During the early part of this year we had talked increasingly about our hopes for future developments in implementing the Rite of Christian Initiation of Adults. We discussed wanting to begin year-long invitation opportunities for people who may wish to know more about living a Catholic Christian life.
Our other main area of concern was how to be much more faithful to including, or should it be allowing, the whole parish to take its due role in evangelisation and catechesis. That is, to “be always fully prepared in the pursuit of its apostolic vocation to give help to those who are searching for Christ”. Rite of Christian Initiation of Adults, n9. How do catechists, in the task of assisting an initiation process, avoid at best being the ‘yeast’ consciously working on behalf of the parish and at worst an exclusive group? We need to unveil more the role of parishioners as threshold companions.
If something like monthly opportunities to meet with, question and find welcome from catholics were to happen we had to involve all parishioners. Both objectives went hand in hand. We knew that perceptions and experience of RCIA could develop more with this process.
To begin with the discussion needed to be opened up for fresh dialogue…to start a ripple effect at least. Hence, parishioners representing some ministries, activities and interests, as well as different age groups were personally invited to come together to explore ways in which we could become an even more welcoming parish.
The Spirit of God doesn’t hang around waiting for our ideas to come to fruition, of course. We had thought that our hopes for regular welcome sessions may be our fresh way to being open to inquirers. The week before the exploratory meeting inquirers came seeking! The ventures happily became parallel sooner than anticipated.
Thankfully, when the invited group met they did not want to hear and then just rubber stamp the ideas proposed but responded to the questions raised and added their own. What happened was an appraisal of how welcome is experienced by all and how it could be. We prayed together, reflected and explored suggestions about who the people are whom we want to welcome. The list included: ourselves, new parishioners, the curious, those who may wish to re-discover a once familiar belonging along with those who have a wish to get to know the Lord and us better and may wish to begin a process towards initiation.
What has happened so far is that the discussion continues among parishioners as the group talk with others. The newsletter was used to alert all to the meeting beforehand and to give a brief account of the ongoing nature of the enterprise. One of the most heartening outcomes was a date in diaries to meet again as a steering group – one that is open and inclusive and listens. A decision that will be worked on initially is to use Christmas, with its customary visitors and ‘returnees’, as a first step in offering invitations to ‘come and see’. It is intended to offer a couple of dates for informal gatherings to be planned for soon after Christmas. Similar action was envisaged for Easter and September. We can work more then with suggestions of how this is to be done and explore materials like those available from CASE (Catholic Agency to Support Evangelisation).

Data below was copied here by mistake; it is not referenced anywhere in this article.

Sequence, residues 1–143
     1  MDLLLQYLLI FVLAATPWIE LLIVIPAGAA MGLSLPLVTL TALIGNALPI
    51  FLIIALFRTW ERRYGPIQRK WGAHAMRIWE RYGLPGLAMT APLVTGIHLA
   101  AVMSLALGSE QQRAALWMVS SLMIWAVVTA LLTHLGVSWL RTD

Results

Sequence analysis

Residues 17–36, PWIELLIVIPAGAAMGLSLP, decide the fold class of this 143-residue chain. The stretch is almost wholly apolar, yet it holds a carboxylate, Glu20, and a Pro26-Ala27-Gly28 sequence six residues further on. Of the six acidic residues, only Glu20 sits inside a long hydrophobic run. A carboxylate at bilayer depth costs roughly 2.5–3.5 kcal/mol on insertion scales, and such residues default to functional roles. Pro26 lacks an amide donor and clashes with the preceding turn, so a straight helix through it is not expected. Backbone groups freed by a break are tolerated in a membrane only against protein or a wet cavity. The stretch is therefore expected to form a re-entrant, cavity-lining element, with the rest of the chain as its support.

Other questions raised were around how welcome is practiced weekly and how to utilise better our restricted entrance space. Work had begun some time ago on compiling information about the parish in the form of a parish booklet and action was decided on bringing that to fruition.
What we learned was a lesson in how listening and dialogue change and open up ideas – perhaps this is an affirmation of the principle that where even ‘two or three gather together…’ [After apologies, we were 12 or 13!]. We also learned something of the need to change pace in order to include the values and perspectives of others. One step at a time…and need for patience while ‘God gives the growth’!
The hope for yearlong group opportunities to welcome potential inquirers had started with two of us. It took a day or so to realise that this had not been rejected but transformed for the moment and may come in the future. However, there is a sense of shared growth, enthusiasm and responsibility that is enlivening.
Ultimately we have the Spirit of God prodding us to honour the pastoral cycle of continuously bringing ideas together, allowing new ones to be born and moving into action: to explore the mystery of Christ. We are conscious that those of us with leadership in Christian initiation in the parish have the task of keeping the vision of the Rite to the fore in all areas of parish life.
May the grace of our Lord Jesus Christ be with our spirits!